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While maps are essentially scientific documents, their acceptability is enhanced if they are pleasing to the eye. In addition to skillful engraving, which alone is quite beautiful, decorative elements may be added to improve the overall visual impact. Color, symbols, ornamental lettering, and decorative imagery enhance the attractiveness of the map and simultaneously augment and clarify informational content The motifs and images were usually borrowed from pattern and emblem books, illustrated history and travel books, works of art, and other maps. Accordingly, changing artistic styles and fashions were reflected in the decorative imagery.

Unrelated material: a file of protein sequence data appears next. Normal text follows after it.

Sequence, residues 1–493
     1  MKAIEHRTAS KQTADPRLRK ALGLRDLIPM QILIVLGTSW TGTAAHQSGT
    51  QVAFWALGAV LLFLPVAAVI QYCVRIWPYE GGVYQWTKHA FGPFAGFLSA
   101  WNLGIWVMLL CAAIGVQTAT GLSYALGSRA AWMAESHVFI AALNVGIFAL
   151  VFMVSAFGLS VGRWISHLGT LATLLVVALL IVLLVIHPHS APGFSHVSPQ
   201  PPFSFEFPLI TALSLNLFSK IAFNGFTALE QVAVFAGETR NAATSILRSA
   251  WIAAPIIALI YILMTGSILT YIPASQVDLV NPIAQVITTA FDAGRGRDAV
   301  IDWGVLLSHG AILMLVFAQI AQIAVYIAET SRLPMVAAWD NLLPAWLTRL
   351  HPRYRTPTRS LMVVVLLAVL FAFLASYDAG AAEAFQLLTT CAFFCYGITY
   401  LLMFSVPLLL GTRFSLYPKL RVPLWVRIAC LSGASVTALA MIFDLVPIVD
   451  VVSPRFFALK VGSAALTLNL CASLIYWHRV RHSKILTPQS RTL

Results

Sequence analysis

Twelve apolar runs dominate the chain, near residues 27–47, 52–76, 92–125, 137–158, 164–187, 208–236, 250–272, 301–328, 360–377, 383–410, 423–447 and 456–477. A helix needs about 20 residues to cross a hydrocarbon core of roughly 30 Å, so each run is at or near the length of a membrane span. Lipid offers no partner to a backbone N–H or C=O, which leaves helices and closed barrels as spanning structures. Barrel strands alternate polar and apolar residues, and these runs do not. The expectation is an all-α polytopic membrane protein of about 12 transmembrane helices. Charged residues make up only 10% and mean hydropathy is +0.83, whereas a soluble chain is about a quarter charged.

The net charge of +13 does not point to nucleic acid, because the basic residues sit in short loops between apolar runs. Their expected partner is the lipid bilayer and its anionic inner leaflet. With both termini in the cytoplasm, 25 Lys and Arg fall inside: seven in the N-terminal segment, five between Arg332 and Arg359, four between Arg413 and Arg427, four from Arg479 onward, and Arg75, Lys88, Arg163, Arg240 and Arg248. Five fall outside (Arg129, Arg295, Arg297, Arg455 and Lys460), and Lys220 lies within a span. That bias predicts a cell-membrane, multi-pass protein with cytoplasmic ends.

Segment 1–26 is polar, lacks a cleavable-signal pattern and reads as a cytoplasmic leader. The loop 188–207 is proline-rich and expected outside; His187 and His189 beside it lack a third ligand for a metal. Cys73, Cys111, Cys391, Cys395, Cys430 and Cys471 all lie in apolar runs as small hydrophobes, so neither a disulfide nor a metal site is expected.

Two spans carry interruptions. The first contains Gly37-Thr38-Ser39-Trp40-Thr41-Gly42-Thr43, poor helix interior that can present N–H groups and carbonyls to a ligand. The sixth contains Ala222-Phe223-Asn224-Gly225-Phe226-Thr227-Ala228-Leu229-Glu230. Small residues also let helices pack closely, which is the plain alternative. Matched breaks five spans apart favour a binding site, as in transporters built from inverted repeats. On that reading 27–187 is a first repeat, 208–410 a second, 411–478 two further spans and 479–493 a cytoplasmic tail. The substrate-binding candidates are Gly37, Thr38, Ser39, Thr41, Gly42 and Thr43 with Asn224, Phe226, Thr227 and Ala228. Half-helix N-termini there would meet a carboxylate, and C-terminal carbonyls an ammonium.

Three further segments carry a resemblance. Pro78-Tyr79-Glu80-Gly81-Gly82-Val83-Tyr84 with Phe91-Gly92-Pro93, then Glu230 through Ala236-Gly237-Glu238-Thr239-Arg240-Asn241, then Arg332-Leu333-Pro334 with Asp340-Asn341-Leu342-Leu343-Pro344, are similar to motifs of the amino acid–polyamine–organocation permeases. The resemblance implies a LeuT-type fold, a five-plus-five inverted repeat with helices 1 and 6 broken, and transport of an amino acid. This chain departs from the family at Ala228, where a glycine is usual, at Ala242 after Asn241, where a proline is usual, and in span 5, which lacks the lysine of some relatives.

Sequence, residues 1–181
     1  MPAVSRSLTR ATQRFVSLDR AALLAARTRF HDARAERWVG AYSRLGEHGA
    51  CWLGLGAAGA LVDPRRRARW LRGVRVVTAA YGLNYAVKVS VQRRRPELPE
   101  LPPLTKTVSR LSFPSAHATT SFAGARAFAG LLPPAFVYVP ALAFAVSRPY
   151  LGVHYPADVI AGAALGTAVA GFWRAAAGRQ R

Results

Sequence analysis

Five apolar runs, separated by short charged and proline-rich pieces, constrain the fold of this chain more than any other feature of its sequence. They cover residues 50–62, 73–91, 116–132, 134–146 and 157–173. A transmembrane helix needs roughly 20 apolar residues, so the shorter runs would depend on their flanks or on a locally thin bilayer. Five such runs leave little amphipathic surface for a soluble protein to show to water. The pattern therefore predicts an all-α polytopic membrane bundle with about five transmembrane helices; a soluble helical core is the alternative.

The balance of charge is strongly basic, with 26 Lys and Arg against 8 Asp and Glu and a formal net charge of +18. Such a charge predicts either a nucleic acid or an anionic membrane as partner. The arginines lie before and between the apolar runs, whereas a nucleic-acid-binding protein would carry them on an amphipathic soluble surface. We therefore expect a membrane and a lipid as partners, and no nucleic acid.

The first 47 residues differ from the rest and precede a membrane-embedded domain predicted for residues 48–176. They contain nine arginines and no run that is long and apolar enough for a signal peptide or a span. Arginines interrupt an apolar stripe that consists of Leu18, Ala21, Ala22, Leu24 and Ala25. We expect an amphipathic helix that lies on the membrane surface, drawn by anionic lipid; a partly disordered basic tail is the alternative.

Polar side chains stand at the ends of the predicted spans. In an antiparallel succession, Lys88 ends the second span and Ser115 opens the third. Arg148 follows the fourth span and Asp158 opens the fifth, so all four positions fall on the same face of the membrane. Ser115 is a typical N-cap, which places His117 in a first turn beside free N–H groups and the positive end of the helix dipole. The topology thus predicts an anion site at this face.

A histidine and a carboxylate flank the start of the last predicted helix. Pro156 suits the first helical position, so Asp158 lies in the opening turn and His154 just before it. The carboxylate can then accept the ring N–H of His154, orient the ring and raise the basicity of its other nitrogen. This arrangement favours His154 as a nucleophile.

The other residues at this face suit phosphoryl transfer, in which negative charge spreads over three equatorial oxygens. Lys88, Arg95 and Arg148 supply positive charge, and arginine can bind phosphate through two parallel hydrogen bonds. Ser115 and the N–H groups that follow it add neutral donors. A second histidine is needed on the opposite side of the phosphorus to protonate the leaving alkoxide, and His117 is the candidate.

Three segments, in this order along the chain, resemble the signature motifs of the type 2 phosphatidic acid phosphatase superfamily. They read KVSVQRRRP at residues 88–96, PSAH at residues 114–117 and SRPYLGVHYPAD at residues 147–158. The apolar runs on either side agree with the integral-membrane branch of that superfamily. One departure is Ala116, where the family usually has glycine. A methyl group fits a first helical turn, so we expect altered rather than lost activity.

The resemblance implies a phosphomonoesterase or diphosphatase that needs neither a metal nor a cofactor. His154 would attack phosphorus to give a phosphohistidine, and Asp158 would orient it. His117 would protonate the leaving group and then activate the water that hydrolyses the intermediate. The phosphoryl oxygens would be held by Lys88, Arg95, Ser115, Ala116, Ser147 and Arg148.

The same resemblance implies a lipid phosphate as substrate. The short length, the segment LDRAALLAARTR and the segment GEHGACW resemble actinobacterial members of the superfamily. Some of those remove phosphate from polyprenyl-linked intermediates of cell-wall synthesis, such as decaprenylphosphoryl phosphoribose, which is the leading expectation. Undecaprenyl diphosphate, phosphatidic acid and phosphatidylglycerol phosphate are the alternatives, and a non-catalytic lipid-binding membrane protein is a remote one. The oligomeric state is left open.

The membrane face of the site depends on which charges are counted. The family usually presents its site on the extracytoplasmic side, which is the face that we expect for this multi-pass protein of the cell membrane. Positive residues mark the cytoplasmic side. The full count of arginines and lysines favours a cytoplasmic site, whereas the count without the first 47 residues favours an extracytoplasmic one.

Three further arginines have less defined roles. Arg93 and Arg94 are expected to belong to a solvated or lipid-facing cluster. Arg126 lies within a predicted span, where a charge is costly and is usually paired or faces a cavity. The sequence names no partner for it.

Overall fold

The ocean areas, devoid of geographic detail, invited decoration and were embellished with textured patterns, sailing ships, sea battles, mermaids, sea monsters, and compass roses. Unexplored blank land areas were similarly filled with title and text panels, vignettes of natives with their habitations and customs, and images of fauna and flora. The latter practice elicited the following satirical observation by Jonathan Swift:
So Geographers, in Afric-maps, With savage-pictures fill their gaps; And o’er uninhabitable downs Place elephants for want of towns.
On Poetry, A Rhapsody (Dublin, 1733)
Other opportunities for embellishment were found in the composition and framing of title panels (cartouches) and mileage scales, and in elaborate mini-portraits and inset views.